For obvious reasons, a sovereign assembly, a demos or its representatives, and a sovereign monarch or dictator tend to present rather different kinds of dangers. Which is worse is at root a matter of personal taste. The view that the assembly is liable to be more unjust than the king was quite prevalent at the Philadelphia Convention disgusted by Westminster, and in the secessionist South rebelling against a Northern majority. Ordinarily, however, it is easier to conjure up the image of a personal tyrant than Pitt's "tyranny of the majority." Liberal thought cannot readily reconcile its faith in the benignity of popular sovereignty with approval of constitutional devices which would shackle it, hamper it in doing good and in some cases in doing anything very much at all. No wonder that in the USA, for some decades now, there has been a tendency for the separation of powers to be overcome by reciprocal swaps of functions and attributions, if not by their unilateral usurpation. Thus the executure is making a great deal of administrative law, the legislature is making foreign policy in addition to running the economy, while the judiciary shapes social policy and directs the struggles of classes and races. If the three separate branches of the American federal government were finally all merged into the Harvard Law School, much of this might be performed in a less roundabout manner. (Paradoxically, that day might conceivably mark the beginning of the end of the ascendancy of lawyers over American society.)
There is something threatening and basically "unfair" in the very notion of the sovereign state competing with its subjects for the use of their resources—"unfair" in the simple, everyday sense of an almost obscene disproportion of size and force. No single person has much of a leg to stand on, while the idea of banding together to tame the state promptly raises one of the first questions in statecraft, Why ever should the state let them band together? With the odds looking so blatantly unfavourable to anyone the least bit mistrustful, it is as plausible to predict despair and pre-emptive rebellion by people likely to find themselves in the minority as to expect them peacefully to submit, under the democratic rules, to the appetite of the prospective majority.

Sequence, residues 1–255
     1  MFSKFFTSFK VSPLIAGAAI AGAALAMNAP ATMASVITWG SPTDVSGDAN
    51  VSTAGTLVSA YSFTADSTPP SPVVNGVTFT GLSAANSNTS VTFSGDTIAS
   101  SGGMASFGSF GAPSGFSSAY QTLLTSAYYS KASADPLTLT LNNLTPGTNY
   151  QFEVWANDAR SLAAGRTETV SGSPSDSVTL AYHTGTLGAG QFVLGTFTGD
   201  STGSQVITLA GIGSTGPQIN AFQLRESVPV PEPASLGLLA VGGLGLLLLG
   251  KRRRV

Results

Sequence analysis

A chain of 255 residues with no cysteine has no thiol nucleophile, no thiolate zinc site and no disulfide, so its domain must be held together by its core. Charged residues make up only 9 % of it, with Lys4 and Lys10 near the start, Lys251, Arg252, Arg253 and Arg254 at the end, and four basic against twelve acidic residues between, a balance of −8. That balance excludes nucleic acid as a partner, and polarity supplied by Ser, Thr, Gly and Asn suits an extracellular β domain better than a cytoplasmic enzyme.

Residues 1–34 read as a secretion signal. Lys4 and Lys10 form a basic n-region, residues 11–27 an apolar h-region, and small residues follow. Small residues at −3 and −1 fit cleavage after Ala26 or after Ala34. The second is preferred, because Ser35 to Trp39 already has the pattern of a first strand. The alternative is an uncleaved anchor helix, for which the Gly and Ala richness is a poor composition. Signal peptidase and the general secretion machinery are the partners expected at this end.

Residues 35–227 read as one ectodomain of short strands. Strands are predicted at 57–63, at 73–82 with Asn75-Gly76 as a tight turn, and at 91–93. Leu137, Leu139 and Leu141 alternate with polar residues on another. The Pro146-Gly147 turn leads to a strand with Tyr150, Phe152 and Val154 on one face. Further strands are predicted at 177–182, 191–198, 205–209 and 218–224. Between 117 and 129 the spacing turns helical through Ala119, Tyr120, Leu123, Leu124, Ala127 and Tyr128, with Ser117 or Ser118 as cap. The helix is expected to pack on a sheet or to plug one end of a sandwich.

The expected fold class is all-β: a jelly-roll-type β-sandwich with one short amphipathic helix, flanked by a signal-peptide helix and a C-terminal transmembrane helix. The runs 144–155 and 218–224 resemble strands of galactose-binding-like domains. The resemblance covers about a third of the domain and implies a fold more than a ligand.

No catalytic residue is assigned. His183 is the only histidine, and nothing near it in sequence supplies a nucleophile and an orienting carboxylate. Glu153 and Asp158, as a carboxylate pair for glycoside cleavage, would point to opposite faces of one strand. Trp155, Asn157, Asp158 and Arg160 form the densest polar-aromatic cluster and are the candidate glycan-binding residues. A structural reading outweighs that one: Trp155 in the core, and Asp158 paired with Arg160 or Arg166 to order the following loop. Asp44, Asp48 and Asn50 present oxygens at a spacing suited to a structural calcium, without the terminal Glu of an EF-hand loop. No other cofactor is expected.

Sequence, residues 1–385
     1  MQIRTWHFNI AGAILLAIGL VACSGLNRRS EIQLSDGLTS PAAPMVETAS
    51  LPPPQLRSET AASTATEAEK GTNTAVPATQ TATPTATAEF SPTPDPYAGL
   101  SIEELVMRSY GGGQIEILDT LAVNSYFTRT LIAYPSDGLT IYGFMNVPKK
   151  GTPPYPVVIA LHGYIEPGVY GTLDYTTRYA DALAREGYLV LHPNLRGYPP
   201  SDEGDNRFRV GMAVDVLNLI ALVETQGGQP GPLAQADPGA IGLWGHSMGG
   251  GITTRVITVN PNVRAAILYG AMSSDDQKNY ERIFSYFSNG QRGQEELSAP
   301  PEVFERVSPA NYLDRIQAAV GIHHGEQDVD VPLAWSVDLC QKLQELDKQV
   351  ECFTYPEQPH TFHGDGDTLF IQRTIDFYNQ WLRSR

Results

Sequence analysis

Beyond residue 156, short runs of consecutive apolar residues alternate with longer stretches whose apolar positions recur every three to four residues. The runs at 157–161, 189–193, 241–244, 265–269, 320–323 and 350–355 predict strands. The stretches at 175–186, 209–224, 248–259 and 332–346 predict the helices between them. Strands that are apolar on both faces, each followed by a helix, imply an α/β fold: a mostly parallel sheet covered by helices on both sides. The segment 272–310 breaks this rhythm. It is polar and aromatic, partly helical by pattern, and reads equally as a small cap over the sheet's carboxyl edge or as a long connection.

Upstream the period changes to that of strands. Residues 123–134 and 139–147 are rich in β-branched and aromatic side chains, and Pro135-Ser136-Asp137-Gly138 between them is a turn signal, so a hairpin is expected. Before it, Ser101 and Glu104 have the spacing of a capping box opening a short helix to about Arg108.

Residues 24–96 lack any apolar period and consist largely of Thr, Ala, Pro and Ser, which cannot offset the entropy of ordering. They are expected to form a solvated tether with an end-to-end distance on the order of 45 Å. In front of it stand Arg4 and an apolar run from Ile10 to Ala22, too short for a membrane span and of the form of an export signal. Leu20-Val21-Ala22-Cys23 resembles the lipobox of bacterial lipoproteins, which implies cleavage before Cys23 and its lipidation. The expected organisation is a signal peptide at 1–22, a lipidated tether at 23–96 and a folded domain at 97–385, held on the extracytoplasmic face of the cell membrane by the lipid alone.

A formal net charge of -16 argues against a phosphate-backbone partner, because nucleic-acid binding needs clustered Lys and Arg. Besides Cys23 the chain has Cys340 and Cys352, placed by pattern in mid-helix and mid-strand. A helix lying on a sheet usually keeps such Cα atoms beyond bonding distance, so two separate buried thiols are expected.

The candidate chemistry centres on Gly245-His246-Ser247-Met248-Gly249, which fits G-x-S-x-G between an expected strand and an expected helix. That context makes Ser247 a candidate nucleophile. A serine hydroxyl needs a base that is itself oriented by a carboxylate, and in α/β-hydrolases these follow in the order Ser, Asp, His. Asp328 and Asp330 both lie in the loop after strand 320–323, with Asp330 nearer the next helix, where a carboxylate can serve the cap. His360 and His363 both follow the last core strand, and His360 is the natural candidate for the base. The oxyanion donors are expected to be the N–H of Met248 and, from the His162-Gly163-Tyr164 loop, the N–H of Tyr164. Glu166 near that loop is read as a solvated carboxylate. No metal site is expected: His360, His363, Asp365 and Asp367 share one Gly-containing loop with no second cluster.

Agreeing to constitutional guarantees, then, is an intelligent move, a gesture to reassure the minority that nothing really harsh is going to be done to them. As disarming the mistrust of the prospective minority is, so to speak, a condition for getting everybody's signature on the social contract, there may very well occur historical conjunctures where it is rational for the state actually to suggest limits to its own power if its purpose is to maximize it. It has long been known that it can be rational for the wolf to put on sheep's clothing and to refrain for a while from eating sheep. It is old wisdom that it can be rational to take one step back before taking two forward; it can also be rational to forestall an objection by stating it first, inoculate against a disease by infecting oneself with it, roll with the punches, spend to save, bend rather than be broken and take the long way round because it is quicker.